'Woodstock' wants it all, but misses
I was not alive to experience Woodstock, and since the hippie movement (or anything like it) doesn't seem to be coming back any time soon I seriously doubt I'll have the pleasure of ever experiencing anything like it. No, us twenty-somethings must rely on documentaries and stories from our parents to attempt to understand how important the concert was and exactly how it felt. It is then a little disappointing that Taking Woodstock simply scratches the surface of what Woodstock meant, fleetingly dabbling in true ideas while mostly staying light and airy.
The main issue seems to be that Taking Woodstock wants to be two different movies. One is a screwball comedy that plays off the antics of hippies, Vietnam vets and New York Jews and the other is a serious film about the changing world of the late 1960s. Sadly, making fun of the hippies and the culture of the 60s completely contradicts praising it and them, and thus the film unevenly wobbles between its own ideas, unsure if it wants to treat the generation of peace and love with reverence or as a bunch of cliche punchlines.
However, this doesn't make Taking Woodstock a bad movie. When it is on point about the culture and the festival it shines. Most of the time this is when the film is about its lead character Elliot Teichberg (Demetri Martin) and not about the planning of the concert and the hippies who invade the small town Teichberg lives in so they can come to Woodstock. Elliot and his parents own a motel that is on the skids, and so, Elliot invites Woodstock to town, and Woodstock comes. It's Elliot's story of love, finding himself and acceptance within the context of the concert that gets interesting eventually, but the slow pacing could definitely throw a few people off.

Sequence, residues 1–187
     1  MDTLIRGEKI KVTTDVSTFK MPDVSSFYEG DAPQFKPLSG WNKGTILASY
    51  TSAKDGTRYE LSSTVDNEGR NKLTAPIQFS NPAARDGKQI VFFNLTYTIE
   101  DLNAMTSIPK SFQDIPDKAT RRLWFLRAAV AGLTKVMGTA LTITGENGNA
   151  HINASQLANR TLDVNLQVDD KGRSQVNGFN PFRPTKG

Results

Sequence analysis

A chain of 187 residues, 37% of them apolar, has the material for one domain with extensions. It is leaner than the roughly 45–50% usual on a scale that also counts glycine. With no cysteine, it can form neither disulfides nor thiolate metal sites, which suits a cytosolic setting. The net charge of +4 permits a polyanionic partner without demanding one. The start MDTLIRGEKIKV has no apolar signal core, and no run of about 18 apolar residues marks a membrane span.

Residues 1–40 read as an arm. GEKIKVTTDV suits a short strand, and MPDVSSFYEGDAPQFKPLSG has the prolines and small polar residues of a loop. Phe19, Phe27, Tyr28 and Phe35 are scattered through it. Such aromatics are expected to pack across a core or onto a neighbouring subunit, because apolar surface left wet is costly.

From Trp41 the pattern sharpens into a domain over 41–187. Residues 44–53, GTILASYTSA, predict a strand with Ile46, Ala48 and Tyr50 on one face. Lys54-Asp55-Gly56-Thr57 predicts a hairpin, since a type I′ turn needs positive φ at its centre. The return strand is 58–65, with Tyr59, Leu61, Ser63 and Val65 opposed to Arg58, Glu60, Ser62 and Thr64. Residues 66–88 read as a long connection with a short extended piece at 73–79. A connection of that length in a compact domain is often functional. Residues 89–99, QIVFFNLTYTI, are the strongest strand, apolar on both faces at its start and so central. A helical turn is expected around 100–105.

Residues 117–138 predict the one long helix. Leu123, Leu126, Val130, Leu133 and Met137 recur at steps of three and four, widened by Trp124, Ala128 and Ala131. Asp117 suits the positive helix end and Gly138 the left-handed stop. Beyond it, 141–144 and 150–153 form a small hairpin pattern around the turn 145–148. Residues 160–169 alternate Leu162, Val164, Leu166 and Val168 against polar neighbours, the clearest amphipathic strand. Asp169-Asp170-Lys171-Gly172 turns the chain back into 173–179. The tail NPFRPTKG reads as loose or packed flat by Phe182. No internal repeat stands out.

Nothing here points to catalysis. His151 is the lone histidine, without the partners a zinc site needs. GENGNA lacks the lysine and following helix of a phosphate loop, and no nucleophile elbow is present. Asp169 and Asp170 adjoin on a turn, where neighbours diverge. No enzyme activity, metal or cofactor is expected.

Of course it wouldn't be an Ang Lee film if it wasn't full of slow pacing. The director couldn't even make Hulk move quickly. Aside from the pacing though -- which may or may not be a bad thing -- Lee does some very solid directing. A drug induced trip is one of the better moments of the film where the movie seems to be actually taking itself seriously instead of simply sloshing its way through the stereotypes of hippies. This comes near the end, as does most of the powerful parts of the film, but the film's opening didn't attach viewers enough to the characters thanks to the levity and inconsistency and thus the scenes that should be powerful are simply a wash.
Again, it's hard to not enjoy aspects of Taking Woodstock. The film is indeed not bad. The acting is fine, the directing works well and the film's story is interesting enough to carry it through its over two hour running time. Thanks to its inconsistencies though it never truly seems to be about something and for a movie about a concert and a generation that was the epitome of being "about something" that is a terrible crime. Taking Woodstock is a fine film, it just isn't what it wants to be or what it should be.
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